A year ago, Jacqueline Brown found her family homeless. She’d moved to South Carolina three years earlier from New Jersey and had trouble making ends meet.
She worked constantly, she said, trying to provide what she could, but she and her boyfriend found themselves without permanent housing. They bounced from hotel to hotel and realized they couldn’t spend money that way and save for a rental home's security deposit at the same time.
So they slept in their car, an old, barely running Ford LTD. Brown’s four young children — Jamire, Robbiana, Arnez Jr. and Ar’mani — squeezed in, too.
Brown's boyfriend, Arnez Jamison Sr., was the biological father of the two younger siblings, and he helped raise the older two.
The family stuck together until the crash that would tear them apart.
Winter was approaching. The nights in the car were getting colder.
And then came a bit of hope. A friend found them a mobile home — it had heat and lights and provided a roof over their heads. Their friend paid the first month’s rent so they could save up the security deposit, Brown said.
Things were looking up.
Fast forward a year. Brown still worked constantly but enjoyed her co-workers and the flexibility at the KFC/Taco Bell in Travelers Rest where her children often sat in a restaurant booth while she worked.
Her two older children, son Jamire Halley, 8, and daughter Robbiana Evans, 6, were in school at Gateway Elementary in Travelers Rest. They loved to learn, Brown said. Her third child, son Arnez Yaron Jamison Jr., 4, was in preschool at SHARE Head Start, and her younger daughter, Ar’mani Jamison, 2, was potty-training.
They’d replaced the LTD with a 2004 Pontiac van — nothing special, but it ran and they all fit inside. She’d saved enough to put up a tree and put presents under it. They finally had stability.
This Christmas was going to be sweet.
Brown said she was at home cleaning last Thursday evening, Dec. 6, when Jamison Sr. took the children with him to visit another one of his children in town. It was late — actually early Friday morning — when he drove them back toward home along country roads in rural Taylors.
Brown began to worry when they didn't arrive. She couldn’t reach Jamison. Each call and text grew more frantic. Eventually she ordered a ride from Lyft to seek her family but when the driver arrived, he told her there was a bad accident just a short drive up winding State 253 near Mountain Creek Road.
She said she knew it was her family.
Then the hospital called. They said she needed to rush. Ar’mani was there.
“I just thought it would be bumps and bruises,” Brown told The Greenville News on Monday in her first public comments since the wreck.
When she arrived, Ar’mani was on emergency life support. Ar'mani would be taken off life support and pronounced dead on Sunday, according to the Greenville County Coroner's Office.
The other three children died at the scene of the wreck.
Brown said it still felt unreal, an ironic nightmare that struck just as her family was beginning to gain traction.
They’d started with nothing, but they had each other. Then they had everything, Brown said.
Now, she said, she truly has nothing.
“I’m just incomplete now without them,” she said. “They were my everything — my heart, my blood, my breath, my motivation. They helped me get through everything I needed to get through.”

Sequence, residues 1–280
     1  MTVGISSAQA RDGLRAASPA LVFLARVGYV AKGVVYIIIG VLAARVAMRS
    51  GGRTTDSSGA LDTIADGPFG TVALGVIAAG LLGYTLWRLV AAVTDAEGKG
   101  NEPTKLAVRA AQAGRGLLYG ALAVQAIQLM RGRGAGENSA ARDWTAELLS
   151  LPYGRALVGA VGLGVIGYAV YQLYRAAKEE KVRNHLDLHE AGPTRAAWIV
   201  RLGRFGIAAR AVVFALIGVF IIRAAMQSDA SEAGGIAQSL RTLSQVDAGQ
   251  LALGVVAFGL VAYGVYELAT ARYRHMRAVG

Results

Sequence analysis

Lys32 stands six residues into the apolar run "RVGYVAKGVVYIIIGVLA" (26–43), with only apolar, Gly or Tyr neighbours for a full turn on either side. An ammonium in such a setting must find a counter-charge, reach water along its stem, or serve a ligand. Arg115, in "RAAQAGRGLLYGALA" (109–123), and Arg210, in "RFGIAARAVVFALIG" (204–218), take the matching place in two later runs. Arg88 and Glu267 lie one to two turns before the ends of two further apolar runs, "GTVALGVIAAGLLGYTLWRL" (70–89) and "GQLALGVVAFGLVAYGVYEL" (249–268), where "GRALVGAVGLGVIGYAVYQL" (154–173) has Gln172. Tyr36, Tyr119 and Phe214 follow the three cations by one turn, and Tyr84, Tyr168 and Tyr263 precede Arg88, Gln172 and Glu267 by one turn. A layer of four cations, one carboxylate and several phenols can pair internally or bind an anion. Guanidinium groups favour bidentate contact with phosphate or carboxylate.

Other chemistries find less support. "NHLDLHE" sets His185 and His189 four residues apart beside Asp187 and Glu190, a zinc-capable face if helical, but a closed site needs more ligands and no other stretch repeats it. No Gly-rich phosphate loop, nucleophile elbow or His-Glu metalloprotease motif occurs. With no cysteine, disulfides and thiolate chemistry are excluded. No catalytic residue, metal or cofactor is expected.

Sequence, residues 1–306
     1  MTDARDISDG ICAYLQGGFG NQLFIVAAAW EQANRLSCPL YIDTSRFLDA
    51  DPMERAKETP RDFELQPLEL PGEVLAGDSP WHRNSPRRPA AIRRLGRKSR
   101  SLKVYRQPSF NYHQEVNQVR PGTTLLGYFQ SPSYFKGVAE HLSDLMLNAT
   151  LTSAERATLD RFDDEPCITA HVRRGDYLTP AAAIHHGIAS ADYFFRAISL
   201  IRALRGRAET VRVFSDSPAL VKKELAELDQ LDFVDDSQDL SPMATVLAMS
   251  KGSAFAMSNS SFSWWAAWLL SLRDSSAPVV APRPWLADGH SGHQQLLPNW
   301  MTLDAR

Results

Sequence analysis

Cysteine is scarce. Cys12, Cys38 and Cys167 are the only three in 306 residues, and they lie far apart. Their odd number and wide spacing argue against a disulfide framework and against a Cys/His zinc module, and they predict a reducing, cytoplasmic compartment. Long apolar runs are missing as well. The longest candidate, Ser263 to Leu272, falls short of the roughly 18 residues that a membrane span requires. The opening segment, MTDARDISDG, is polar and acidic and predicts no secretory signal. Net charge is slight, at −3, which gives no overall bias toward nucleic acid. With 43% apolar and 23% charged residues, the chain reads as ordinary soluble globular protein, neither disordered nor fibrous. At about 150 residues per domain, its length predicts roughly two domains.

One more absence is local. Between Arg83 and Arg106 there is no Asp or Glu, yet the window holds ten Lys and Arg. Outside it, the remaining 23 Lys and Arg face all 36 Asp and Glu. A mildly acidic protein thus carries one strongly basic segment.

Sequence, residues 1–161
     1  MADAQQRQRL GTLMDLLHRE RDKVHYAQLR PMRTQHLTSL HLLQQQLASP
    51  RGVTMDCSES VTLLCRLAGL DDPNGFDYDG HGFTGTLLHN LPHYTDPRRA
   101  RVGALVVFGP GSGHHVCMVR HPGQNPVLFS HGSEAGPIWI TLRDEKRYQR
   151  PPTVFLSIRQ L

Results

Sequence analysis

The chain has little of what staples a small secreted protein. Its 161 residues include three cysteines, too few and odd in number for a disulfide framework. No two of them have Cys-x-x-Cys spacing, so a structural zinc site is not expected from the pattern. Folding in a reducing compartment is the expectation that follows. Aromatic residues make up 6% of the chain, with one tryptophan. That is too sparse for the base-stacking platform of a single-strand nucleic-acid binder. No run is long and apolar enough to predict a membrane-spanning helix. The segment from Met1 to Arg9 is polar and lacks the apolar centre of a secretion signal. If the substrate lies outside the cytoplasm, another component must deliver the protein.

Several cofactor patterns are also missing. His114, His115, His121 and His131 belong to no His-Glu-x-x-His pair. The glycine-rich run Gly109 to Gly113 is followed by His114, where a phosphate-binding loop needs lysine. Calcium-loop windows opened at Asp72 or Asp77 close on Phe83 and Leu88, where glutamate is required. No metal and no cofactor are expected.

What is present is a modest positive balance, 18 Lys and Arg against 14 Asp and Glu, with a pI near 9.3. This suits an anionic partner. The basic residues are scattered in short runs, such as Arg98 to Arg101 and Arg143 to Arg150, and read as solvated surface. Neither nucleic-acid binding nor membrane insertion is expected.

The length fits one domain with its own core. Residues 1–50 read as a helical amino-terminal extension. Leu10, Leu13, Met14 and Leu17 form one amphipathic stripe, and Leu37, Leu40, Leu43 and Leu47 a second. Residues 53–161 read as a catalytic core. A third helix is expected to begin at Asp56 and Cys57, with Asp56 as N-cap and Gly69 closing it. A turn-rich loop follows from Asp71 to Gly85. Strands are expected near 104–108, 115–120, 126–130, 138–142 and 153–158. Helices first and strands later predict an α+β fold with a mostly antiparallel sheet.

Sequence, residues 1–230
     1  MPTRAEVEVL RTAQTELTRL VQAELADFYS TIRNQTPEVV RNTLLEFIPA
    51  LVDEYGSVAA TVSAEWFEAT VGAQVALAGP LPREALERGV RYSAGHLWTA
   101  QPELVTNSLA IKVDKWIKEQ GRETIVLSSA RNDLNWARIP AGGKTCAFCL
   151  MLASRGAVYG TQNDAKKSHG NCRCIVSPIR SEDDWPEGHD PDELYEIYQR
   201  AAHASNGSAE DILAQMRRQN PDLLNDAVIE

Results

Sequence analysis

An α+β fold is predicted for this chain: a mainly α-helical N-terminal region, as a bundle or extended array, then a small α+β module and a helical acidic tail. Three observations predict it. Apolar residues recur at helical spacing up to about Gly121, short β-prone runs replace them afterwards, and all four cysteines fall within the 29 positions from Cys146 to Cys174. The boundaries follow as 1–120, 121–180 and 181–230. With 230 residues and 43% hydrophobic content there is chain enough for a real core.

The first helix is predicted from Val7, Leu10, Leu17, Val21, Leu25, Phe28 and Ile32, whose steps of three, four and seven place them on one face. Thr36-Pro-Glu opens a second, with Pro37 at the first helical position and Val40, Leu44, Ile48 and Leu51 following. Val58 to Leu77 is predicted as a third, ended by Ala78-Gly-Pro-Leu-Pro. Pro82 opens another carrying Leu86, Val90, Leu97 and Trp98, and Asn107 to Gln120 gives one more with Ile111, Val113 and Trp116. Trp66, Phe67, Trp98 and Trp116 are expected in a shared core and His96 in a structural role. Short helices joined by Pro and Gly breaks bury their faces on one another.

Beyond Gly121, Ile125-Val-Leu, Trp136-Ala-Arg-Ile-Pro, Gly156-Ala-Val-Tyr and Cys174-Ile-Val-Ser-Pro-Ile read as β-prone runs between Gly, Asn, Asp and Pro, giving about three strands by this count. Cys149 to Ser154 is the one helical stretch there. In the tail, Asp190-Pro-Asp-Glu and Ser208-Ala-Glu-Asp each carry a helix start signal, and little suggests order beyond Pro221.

Now she’s left to plan funerals and pick up the pieces. Arrangements were still being finalized late Monday afternoon with Watkins, Garrett and Woods Funeral Home, but she said there would be a service in Greenville on Saturday and another in New Jersey, where she’s from, next week.
Jamison Sr. was injured in the wreck and hospitalized with a broken leg, Brown said.
He’s also broken, she said, and “taking it just as hard as I am.”
And she’s left with questions, some that may go unanswered and others she asks herself with regret. “What could I have done differently? What could I have done to fix it?” she said.
Jamison Sr., 27, has been charged with three counts of felony DUI resulting in death and one count of DUI resulting in great bodily injury, which will be upgraded to DUI resulting in death in the wake of Ar’mani’s death, the state Highway Patrol said Monday. He is also charged with driving under suspension and child endangerment, according to the Highway Patrol and Greenville County Detention Center records.
Asked about Jamison Sr.’s charges, Brown said, “My head’s all over the place. I’m not really focusing on that part.”
Brown said she’s drawing strength from her memories and from the community support she’s felt. A co-worker started a GoFundMe campaign that had raised more than $30,000 by Monday for funeral and burial expenses. Teachers from Gateway visited her in the hospital. Family came to town to embrace her.
Her son Jamire was her protector, she said. In the dark days of homelessness, she called him her little sidekick. She hears the words he said then ringing in her mind now.
“Mommy, it’s going to be OK.”
“I’ve just got to move forward, be strong,” she said. “I’ve been through a lot. It’s going to take a lifetime to heal, but I’m going to make it. I still have to do it for them. I’ve never been a quitter, so I’m not going to quit now.”
Brown has been staying with her mother in an apartment nearby. She hasn’t yet returned home to the modest trailer she shared with her family. The tree was still there Monday, though the electricity was out due to the winter storm that passed through over the weekend.
Brown said she doesn’t know if she can look at the presents now. Her children so looked forward to this Christmas.
A few days ago her youngest, Ar’mani, couldn’t wait any longer. While mommy showered, she ripped open a gift, a baby doll in a stroller.
Brown came out to see her little girl with an early Christmas present.
It was one final, precious gift.